If none of these have taken your interest, then consider our list of more unconventional referral rewards.

Marketing Incentive Best Practices

When launching a marketing initiative that offers incentives there are a number of best practices that you want to be following.

The first thing you want to do is to keep the incentive simple. Make it very clear what you are offering, when you’re offering it, and how the customers can earn the incentive. Overcomplicating things will just confuse your customers and your planned campaign will fail before it has even started. If you keep the process simple and easy to achieve far more people will feel inclined to take part, plus the added transparency builds trust in your business.

When building out your incentives, especially loyalty programs, be wary of customers achieving incentives and then forgetting to take advantage of them. Chances are they have simply forgotten about them, and a gentle reminder can bring in additional revenue that would otherwise have been lost. This means that if you’re offering reward points that have an expiration date or a voucher, have a process in place that automates a reminder to them a month or two before expiration.

Flash in the pan, short incentives are great for leveraging scarcity, but creating lengthy loyalty programs that offer multiple incentives over a long period of time tend to have a larger amount of return based on customer lifetime value. Therefore, it’s a good idea to make use of both of them.

People do like to earn cash, but where possible link your rewards back to your brand. By offering credit, loyalty points, or discounts, you are keeping that customer within your business ecosystem and ensuring that they spend their money with you rather than elsewhere.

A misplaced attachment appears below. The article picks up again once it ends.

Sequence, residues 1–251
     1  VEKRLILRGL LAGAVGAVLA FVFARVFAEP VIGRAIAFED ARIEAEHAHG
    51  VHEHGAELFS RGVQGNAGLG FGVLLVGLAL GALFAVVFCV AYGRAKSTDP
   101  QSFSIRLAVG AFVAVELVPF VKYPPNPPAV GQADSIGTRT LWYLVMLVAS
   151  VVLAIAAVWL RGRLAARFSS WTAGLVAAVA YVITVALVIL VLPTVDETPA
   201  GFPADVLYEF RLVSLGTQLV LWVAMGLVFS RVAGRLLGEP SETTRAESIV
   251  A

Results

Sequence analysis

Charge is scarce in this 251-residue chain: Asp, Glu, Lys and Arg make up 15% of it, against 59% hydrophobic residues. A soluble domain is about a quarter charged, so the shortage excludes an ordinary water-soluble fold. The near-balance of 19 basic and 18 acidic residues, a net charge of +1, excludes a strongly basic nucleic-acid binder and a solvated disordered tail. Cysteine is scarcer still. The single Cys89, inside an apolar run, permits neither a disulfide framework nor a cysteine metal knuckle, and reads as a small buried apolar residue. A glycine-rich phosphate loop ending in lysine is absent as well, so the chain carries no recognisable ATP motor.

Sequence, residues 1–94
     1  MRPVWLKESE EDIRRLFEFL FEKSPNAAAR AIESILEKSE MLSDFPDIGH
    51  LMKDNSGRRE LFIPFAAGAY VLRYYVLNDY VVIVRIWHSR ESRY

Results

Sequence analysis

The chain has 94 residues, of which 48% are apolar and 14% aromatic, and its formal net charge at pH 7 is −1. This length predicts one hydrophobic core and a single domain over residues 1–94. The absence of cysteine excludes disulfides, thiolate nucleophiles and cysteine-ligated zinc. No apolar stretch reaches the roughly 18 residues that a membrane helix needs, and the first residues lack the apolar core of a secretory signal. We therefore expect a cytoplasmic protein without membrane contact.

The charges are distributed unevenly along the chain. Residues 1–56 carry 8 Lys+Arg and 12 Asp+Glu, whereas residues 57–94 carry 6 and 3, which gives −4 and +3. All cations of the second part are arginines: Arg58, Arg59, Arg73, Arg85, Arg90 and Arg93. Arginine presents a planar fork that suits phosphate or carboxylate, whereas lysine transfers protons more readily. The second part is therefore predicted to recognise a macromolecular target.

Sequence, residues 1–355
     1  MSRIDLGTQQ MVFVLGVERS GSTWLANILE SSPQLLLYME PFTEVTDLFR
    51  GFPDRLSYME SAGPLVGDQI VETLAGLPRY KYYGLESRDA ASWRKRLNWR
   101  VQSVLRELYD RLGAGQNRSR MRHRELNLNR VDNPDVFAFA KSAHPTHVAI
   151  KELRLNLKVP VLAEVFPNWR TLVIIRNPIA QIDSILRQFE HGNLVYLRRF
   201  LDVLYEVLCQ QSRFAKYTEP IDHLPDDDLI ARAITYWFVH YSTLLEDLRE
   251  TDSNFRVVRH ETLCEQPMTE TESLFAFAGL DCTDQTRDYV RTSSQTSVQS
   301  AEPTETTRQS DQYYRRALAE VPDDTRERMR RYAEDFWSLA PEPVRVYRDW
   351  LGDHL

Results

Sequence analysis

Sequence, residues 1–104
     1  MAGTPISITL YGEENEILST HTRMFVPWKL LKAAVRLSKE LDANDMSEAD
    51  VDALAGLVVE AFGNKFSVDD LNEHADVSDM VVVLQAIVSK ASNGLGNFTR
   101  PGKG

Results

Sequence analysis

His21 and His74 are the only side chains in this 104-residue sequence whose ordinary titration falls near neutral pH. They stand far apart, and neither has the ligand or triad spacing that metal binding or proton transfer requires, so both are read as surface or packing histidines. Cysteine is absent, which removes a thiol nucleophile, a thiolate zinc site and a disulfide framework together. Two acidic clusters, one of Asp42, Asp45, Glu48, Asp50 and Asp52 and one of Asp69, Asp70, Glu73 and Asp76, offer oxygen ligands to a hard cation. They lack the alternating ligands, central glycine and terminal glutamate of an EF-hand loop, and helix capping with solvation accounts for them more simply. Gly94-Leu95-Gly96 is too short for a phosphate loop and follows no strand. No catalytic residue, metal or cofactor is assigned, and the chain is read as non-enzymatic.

Marketing Incentive Examples

Some of the biggest brands make use of incentives alongside their marketing campaigns:

  • 7-11 Free Slurpee Day: A great example of a short term incentive, every 11th July 7-11 gives away free Slurpees to match the day of their namesake. This is a point of excitement for current customers, drawers in new customers looking to get something free and if you completed the offer as a loyalty member then you got double rewards.
  • T-Mobile Tuesdays: All contract customers of T-Mobile were given exclusive offers and discounts with strategic partners such as a discount at Pizza Hut. These regular offers are so enticing that they might just sway people towards T-Mobile for a lengthy phone contract.
  • Chipotle Rewards: Keeping things simple, if you’re part of Chipotle Rewards then you earn 10 points for every $1 you spend. Each time you hit 1250 points you get a free Chipotle. This keeps loyal customers coming back for more.

Key Takeaways

Offering incentives to customers so that you can achieve your marketing objectives is a no-brainer. It increases your engagement, builds brand loyalty, and encourages your customers to talk about your offers with others.

  • Match your incentives with your audience - think about what will motivate them
  • Run short and long term incentives to capture scarcity and loyalty
  • Try and keep your customers within your business by offering brand-led incentives